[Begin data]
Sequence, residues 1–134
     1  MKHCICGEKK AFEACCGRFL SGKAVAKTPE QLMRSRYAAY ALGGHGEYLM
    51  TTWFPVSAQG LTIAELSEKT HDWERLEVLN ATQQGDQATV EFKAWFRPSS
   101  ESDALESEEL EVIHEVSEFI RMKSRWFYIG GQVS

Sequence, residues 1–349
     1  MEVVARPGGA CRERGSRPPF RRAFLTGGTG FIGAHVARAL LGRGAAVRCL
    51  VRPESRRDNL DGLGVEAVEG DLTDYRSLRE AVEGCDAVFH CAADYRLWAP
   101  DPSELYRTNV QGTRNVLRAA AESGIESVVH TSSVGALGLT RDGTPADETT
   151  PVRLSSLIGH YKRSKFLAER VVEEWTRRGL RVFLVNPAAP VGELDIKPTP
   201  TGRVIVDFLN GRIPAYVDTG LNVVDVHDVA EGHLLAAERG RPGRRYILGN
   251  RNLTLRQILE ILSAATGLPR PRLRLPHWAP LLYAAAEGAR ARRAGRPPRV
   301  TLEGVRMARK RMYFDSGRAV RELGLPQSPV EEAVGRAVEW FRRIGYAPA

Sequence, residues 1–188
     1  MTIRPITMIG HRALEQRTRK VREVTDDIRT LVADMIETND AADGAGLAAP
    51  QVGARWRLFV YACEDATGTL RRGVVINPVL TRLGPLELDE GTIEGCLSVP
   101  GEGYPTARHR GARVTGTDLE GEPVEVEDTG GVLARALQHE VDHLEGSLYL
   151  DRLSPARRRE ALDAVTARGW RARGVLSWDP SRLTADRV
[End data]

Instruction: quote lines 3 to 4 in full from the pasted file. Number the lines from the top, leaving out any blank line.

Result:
    51  TTWFPVSAQG LTIAELSEKT HDWERLEVLN ATQQGDQATV EFKAWFRPSS
   101  ESDALESEEL EVIHEVSEFI RMKSRWFYIG GQVS